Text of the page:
Nexcelle begins nacelle hardware manufacturing: Its first composite elements are built for the LEAP-
Nexcelle begins nacelle hardware manufacturing: Its first composite elements are built for the LEAP-1C and Passport™ jet engines
CINCINNATI--(BUSINESS WIRE)-- Nexcelle's role in the creation of next-generation integrated propulsion systems (IPS) has marked important milestones as hardware manufacturing is now underway for the innovative O-Duct on the CFM International* LEAP-1C powerplant, and an inlet section for the GE Passport™ engine.
These milestones underscore ongoing progress at Nexcelle's two parent companies - Aircelle (Safran) and GE Aviation's Middle River Aircraft Systems - for both of Nexcelle's programs: the LEAP-1C, which is to equip COMAC's C919 twin-jet airliner; and the Passport, to power Bombardier** Global 7000 and Global 8000 twin-engine business aircraft.
"Nexcelle's goal of introducing a new generation of integrated propulsion systems has rapidly evolved from concept to reality, with its parent companies now well into the manufacturing of actual nacelle hardware," explained Nexcelle President Huntley Myrie. "At both Middle River Aircraft Systems and Aircelle, the industrial processes are in full swing with components taking shape, production drawings being released, tooling in preparation, and manufacturing cells being readied."
Nexcelle's first-manufactured element for the Passport powerplant is a single-piece component that fits inside the air inlet, directing airflow into the engine. This 360-deg. composite bonded component is built by Middle River Aircraft Systems at its production site near Baltimore, Maryland.
At Aircelle's Le Havre, France facility, the company is manufacturing the 330-deg. carbon composite inner skin for the LEAP-1C engine's O-Duct. This large, complex-shaped element was produced using an innovative molding process being employed for the first time on this program. To date, three of the skins have been built at Aircelle, with all meeting the component's production specifications.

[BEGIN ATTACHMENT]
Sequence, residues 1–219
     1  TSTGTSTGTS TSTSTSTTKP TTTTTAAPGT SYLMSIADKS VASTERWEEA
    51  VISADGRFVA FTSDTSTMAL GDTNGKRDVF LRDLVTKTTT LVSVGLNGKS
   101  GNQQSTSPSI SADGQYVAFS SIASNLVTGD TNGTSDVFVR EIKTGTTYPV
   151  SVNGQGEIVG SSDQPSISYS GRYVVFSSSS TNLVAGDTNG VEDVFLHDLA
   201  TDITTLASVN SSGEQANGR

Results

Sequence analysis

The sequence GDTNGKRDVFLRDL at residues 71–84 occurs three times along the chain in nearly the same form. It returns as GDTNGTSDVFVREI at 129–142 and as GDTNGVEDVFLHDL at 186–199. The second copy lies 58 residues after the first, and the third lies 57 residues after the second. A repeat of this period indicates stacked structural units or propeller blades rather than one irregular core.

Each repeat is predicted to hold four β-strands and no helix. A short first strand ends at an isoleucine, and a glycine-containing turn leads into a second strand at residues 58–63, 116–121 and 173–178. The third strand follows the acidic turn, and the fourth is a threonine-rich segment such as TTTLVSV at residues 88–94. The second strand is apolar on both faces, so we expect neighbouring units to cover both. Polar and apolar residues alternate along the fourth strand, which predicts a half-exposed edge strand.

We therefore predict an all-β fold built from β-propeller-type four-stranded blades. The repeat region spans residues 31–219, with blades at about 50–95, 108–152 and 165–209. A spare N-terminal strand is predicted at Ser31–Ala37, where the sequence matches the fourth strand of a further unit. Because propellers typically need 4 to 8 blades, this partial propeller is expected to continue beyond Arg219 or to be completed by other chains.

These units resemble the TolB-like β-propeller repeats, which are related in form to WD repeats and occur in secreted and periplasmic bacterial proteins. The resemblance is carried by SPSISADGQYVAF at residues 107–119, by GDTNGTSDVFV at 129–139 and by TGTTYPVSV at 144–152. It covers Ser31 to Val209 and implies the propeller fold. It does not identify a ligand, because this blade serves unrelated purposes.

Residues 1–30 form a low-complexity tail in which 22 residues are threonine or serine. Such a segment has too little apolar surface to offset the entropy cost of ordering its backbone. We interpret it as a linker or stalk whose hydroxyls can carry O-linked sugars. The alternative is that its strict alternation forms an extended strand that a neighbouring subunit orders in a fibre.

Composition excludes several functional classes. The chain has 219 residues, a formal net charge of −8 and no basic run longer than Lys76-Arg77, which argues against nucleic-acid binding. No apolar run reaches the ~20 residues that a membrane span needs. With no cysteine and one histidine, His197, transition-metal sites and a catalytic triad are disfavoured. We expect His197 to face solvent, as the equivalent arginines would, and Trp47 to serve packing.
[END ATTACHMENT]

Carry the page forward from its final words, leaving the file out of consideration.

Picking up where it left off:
The one-piece composite O-Duct is a key integrated propulsion system innovation from Nexcelle, replacing the two-piece "D" doors on a traditional thrust reverser. When deployed, the O-Duct moves aftward to the reverse thrust position, eliminating the need for drag links in the engine's secondary flow-path.
Editors' note: High-resolution photos of the Passport air inlet component and the O-Duct inner skin are available at: http://www.nexcelle.com/news-image-library.
About Nexcelle (www.nexcelle.com)
Nexcelle is creating smart nacelle systems for tomorrow's world travel. Headquartered in Cincinnati, Ohio, USA, the company is a 50/50 joint venture of Aircelle and Middle River Aircraft Systems (MRAS), which are leading suppliers of engine nacelles, thrust reversers and aerostructures. Through Nexcelle's relationship with CFM International, GE Aviation and Safran, the company brings unparalleled expertise in the design, development, production and support of integrated propulsion systems for a wide range of aircraft.
TMPassport is a trademark of General Electric Company.
*CFM International is a 50/50 joint company between GE and Snecma (Safran).
**Bombardier, Global 7000 and Global 8000 are trademarks of Bombardier Inc. or its subsidiaries.
KEYWORDS: United States North America Connecticut
The article Nexcelle begins nacelle hardware manufacturing: Its first composite elements are built for the LEAP-1C and Passport™ jet engines originally appeared on Fool.com.Try any of our Foolish newsletter services free for 30 days. We Fools may not all hold the same opinions, but we all believe that considering a diverse range of insights makes us better investors. The Motley Fool has a disclosure policy.
Copyright © 1995 - 2013 The Motley Fool, LLC. All rights reserved. The Motley Fool has a disclosure policy.